The magic of the campus

At the LINC conference the question came up why we still have residential education given what is possible online nowadays. Professor Sanjay Sarma talked about the magic of the campus that does not happen online. In essence his point in his own words is “there is essential magic in residential in-person education that is difficult to articulate, let alone replicate online
One of the main points Sarma seems to make is that in what he calls “second order learning or higher order learning” moral values are installed in students. Where in online learning what merely happens is “instruction” the transfer of knowledge from one person to another.
He went on by stating that good MOOCs could free up time in residential education for, as he stated in his article, “the still intangible pathways by which higher-order learning – the magic, the metacognition, the deep learning – occurs: mentoring, discourse, writing, project work, teamwork, serendipity, creativity, synthesis, and the delivery of nuggets of knowledge at the time they are most relevant.”
Let me try to describe one thing that happens on campus, that does not happen online (or more precise that is difficult to organize online) and that could be responsible for the occurrence of  higher order learning.
Social learning theory describes the way in which we learn by observing the behaviors of others. Something that can be less easily and less intensively be done online. Social learning theory states that there are several steps involved before learning occurs: the learner must pay attention to the model from whom he wants to learn something, the learner must be able to remember the details of the observed behavior, the learner must be able to reproduce the observed behavior and there must be an incentive to reproduce the observed behavior.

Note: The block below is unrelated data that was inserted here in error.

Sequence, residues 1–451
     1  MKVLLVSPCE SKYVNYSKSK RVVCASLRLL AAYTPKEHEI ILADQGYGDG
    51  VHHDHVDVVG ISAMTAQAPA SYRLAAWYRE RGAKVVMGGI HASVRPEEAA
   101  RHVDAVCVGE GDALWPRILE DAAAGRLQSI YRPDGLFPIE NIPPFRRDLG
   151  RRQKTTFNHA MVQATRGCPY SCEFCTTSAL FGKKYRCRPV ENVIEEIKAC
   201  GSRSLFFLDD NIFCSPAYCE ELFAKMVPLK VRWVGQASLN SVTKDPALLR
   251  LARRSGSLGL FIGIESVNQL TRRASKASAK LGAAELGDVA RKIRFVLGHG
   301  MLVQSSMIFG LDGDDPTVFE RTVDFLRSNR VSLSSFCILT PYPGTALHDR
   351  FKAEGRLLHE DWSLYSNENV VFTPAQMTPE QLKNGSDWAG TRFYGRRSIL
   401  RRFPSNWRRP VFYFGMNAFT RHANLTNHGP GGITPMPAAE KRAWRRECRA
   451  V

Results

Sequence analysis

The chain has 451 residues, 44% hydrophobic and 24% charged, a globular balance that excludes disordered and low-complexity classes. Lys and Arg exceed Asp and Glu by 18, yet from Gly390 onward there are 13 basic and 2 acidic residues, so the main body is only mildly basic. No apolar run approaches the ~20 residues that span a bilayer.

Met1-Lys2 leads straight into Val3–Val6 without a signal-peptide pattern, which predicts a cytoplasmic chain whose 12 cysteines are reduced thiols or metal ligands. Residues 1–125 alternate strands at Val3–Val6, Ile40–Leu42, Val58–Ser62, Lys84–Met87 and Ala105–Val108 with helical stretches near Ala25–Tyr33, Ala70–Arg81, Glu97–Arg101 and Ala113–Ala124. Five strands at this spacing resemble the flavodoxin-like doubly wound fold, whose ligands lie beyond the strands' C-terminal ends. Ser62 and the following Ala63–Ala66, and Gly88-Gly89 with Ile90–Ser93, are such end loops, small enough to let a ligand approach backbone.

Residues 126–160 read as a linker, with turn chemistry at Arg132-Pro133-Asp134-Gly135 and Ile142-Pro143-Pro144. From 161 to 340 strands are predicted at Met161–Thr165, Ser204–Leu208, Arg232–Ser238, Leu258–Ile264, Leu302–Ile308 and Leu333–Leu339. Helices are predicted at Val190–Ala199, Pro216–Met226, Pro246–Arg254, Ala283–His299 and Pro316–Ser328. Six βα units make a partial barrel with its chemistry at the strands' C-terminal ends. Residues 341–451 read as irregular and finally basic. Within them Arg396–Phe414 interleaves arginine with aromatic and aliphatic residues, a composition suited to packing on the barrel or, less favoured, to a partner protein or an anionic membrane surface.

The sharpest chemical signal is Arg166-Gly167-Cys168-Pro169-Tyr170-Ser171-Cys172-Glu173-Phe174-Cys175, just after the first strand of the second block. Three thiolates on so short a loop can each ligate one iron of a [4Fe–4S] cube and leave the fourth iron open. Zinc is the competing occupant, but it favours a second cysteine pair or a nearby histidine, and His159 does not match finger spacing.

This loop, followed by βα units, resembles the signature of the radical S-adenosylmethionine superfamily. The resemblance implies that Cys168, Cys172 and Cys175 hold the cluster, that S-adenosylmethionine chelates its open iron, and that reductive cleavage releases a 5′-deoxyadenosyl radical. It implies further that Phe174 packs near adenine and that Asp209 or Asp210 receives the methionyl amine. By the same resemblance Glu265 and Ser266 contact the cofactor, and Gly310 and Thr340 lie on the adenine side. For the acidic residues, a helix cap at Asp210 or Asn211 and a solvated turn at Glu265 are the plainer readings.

I want to focus on the attention part and the motivation part who seem to me to be interrelated also. So to whom do we pay attention? We are most likely to pay attention to a person with authority (because they seem to know things that are worthwhile knowing) or to persons we like. A campus provides you with both. Teachers with authority and a lot of peers with whom you can become friends. As for the motivation part it’s easy to understand why we would be motivated to reproduce the behavior of a teacher. Friends we choose because we like the way a person is that in its-self seems to be a motivating factor in reproducing their behavior.
Now we were not talking about clear cut behavior that is easy to observe so that it could be done online easily also. We were talking about moral values, a way of presenting yourself to the world.Seems to me that that is something you only learn by seeing it over and over again, by debating it with your peers and by trying it out yourself in different settings to experience theeffect it has on your environment. So that it over a lengthy period of time modifies your own behavior because your environment tacitly or more openly encourages this behavior.
Let me conclude with two forms of behavior that I observed here at MIT and that seem to me to be part of MIT’s moral values (among many others). I observed this  behavior regularly in the MIT people attending the conference:
  • They are very respectful towards people with other opinions and seem to genuinely want to understand the other persons point of view.
  • They very easily admit not to know something and are reluctant to make statements that they cannot corroborate with data.
Both seem to me behaviors you do not learn people by simply instructing them to behave like that.
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